Obama Administration Releases Blueprint to Reduce Drug Use and Its Consequences
(Washington, D.C.) - Today, Gil Kerlikowske, Director of National Drug Control Policy released the Administration’s 2011 National Drug Control Strategy in Cincinnati, Ohio. . This Strategy coordinates an unprecedented government-wide public health and safety approach to reduce drug use and its consequences in the United States. The Administration’s new Strategy continues to expand upon a balanced approach to drug control that emphasizes community-based drug prevention, integration of drug treatment into the mainstream health care system, innovations in the criminal justice system to break the cycle of drug use and crime, and international partnerships to disrupt transnational drug trafficking organizations.
For the first time, the 2011 Strategy outlines specific actions designed to improve the health and safety of three special populations affected by high rates of substance use: active duty military and veterans; college students; and women and their dependent children. Among our veterans, an estimated 375,000 VA patients had a substance use disorder diagnosis in 2007. And according to the most recent survey data of incarcerated veterans from the Department of Justice, around 60 percent of the 140,000 veterans in Federal and state prisons are struggling with a substance use disorder, and 25 percent reported using drugs at the time of offense. Equally concerning is the fact that substance use affects many of the Nation’s estimated 75,600 homeless veterans. Additionally, approximately 44 percent of full-time college students, age 18 to 22, reported binge drinking in the past 30 days, and 20 percent reported past-month use of marijuana or other illegal drugs. Women are also using drugs in increasing numbers, but continue to receive treatment less frequently than men, while teenage girls are abusing prescription drugs at higher rates than teenage boys.
“Drug use affects every sector of society that is vital to a strong America, straining our economy, our healthcare and criminal justice systems, and endangering the futures of our young people,” said Gil Kerlikowske, White House Director of National Drug Control Policy. “This roadmap to reducing drug use and its consequences will require teamwork and collaboration that draws on the strengths of the prevention, treatment, law enforcement, criminal justice, and recovery communities, as well as parents all across America.”
The Strategy will also build upon several important legislative milestones achieved over the past year. In August, President Obama signed into law the Fair Sentencing Act. This significant piece of criminal justice reform dramatically reduced a 100-to-1 disparity between the amounts of powder and crack cocaine that trigger mandatory minimum sentences and eliminates the mandatory minimum sentence for simple possession of crack cocaine. It also increases penalties for major drug traffickers. In October, the President signed into law the Secure and Responsible Drug Disposal Act of 2010, which will help communities combat the Nation’s prescription drug abuse epidemic by providing states and localities the authority to collect expired, unused, or unneeded prescription drugs. Both of these legislative accomplishments were the result of support from both Democrats and Republicans, illustrating how combating drug use and its consequences continues to be a non-partisan effort.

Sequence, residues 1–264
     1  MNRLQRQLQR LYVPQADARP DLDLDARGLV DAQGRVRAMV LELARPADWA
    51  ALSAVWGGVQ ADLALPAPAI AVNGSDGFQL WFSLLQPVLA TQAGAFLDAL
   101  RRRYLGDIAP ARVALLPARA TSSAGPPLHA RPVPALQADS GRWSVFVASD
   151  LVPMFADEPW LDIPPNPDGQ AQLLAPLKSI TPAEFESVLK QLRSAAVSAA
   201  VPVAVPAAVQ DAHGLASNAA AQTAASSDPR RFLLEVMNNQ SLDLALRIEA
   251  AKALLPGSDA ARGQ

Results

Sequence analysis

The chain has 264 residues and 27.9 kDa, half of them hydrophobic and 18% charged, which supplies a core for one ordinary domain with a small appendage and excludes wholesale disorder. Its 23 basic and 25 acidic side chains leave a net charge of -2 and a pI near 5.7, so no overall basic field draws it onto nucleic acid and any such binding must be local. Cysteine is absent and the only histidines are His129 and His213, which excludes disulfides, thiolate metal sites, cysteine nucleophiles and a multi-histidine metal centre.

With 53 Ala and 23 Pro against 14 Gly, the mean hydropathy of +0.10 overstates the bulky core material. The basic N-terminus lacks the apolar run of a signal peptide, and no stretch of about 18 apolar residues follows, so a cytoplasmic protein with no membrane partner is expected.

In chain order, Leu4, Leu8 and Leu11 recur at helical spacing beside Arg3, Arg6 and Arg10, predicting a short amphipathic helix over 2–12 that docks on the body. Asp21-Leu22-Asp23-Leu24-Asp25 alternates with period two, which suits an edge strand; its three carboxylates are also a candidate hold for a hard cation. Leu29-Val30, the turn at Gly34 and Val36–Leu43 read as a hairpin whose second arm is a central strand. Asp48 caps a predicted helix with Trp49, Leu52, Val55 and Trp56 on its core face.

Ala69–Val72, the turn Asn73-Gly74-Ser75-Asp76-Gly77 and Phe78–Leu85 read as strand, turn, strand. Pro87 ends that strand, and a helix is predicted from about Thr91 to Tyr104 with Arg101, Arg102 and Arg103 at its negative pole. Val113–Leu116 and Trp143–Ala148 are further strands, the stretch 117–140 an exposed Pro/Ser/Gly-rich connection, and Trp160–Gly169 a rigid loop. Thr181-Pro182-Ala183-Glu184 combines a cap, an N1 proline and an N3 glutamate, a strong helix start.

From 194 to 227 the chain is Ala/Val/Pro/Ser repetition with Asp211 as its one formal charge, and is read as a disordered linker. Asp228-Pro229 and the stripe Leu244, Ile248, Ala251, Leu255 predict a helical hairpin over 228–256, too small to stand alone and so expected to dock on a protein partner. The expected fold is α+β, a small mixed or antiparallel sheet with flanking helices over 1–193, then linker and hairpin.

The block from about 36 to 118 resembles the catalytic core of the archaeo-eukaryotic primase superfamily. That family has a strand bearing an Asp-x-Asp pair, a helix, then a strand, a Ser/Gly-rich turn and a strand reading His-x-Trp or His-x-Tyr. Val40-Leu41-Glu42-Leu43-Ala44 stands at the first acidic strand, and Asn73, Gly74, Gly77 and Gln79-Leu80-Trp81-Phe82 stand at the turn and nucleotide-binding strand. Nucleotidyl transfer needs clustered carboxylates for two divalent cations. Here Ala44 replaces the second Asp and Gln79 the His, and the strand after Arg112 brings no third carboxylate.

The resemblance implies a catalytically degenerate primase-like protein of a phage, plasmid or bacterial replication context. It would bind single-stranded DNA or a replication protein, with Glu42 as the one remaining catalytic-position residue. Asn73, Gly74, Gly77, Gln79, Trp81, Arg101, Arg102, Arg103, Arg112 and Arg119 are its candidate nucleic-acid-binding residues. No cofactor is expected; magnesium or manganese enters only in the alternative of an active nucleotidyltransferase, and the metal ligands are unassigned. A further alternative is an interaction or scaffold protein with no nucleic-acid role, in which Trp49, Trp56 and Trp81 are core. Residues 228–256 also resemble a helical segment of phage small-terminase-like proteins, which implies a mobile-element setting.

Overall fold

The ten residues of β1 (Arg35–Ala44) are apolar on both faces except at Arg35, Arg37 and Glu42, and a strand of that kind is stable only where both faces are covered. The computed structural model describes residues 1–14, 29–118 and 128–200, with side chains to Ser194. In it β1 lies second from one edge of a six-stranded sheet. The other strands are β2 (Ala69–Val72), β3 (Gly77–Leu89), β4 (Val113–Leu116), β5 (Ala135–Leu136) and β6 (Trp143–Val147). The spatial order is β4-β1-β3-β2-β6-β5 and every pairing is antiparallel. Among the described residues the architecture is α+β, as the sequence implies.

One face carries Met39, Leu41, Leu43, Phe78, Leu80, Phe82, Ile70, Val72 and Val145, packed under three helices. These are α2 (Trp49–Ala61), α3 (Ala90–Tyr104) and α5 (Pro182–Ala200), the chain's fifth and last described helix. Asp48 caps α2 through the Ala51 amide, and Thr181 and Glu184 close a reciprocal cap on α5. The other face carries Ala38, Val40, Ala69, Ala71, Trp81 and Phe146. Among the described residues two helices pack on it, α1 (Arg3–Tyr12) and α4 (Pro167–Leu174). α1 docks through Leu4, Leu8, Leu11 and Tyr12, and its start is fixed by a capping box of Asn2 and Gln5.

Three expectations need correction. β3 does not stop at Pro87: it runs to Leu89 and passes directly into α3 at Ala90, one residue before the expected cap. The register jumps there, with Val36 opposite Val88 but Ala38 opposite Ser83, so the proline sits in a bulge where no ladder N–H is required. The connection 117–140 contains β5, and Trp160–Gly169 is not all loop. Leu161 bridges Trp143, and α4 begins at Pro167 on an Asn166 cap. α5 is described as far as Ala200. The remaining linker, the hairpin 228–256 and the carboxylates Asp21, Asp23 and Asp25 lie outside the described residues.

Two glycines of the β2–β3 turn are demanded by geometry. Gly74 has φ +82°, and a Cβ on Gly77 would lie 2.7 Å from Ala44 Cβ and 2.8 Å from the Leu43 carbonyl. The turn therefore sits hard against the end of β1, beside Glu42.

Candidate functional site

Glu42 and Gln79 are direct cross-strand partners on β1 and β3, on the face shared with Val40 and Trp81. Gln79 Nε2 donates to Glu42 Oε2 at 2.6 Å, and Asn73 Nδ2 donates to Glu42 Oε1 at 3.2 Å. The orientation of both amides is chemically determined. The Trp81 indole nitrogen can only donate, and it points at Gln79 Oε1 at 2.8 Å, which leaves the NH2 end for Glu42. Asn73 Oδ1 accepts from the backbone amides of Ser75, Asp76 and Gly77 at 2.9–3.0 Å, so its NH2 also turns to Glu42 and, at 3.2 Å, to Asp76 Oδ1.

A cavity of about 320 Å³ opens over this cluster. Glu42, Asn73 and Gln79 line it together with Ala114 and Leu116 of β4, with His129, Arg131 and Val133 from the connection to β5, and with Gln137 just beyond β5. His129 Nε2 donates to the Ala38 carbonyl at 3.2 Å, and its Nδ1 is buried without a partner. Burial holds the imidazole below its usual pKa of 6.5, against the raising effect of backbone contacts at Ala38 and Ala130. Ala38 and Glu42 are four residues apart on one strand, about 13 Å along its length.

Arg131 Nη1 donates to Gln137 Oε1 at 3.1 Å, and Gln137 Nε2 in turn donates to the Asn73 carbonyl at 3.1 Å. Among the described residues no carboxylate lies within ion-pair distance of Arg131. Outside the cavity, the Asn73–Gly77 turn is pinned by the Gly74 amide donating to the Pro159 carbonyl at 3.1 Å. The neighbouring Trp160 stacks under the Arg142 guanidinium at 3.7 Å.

Overall drug use in the United States has dropped substantially over the past thirty years. In response to comprehensive efforts to address drug use at the local, state, Federal, and international levels, the rate of Americans using illicit drugs today is roughly half the rate it was in the late 70s. More recently, there has been a 46 percent drop in current cocaine use among young adults (age 18 to 25 years) over the past five years, and a 68 percent drop in the rate of people testing positive for cocaine in the workplace since 2006. To build on this progress and support a public health approach to drug control outlined in the Strategy, the Obama Administration has committed over $10 billion drug education programs and support for expanding access to drug treatment for addicts.
A full copy of the 2011 National Drug Control Strategy is available here.
Click here to listen to several audio stories about how drug policy and substance abuse prevention affects the lives of everyday Americans.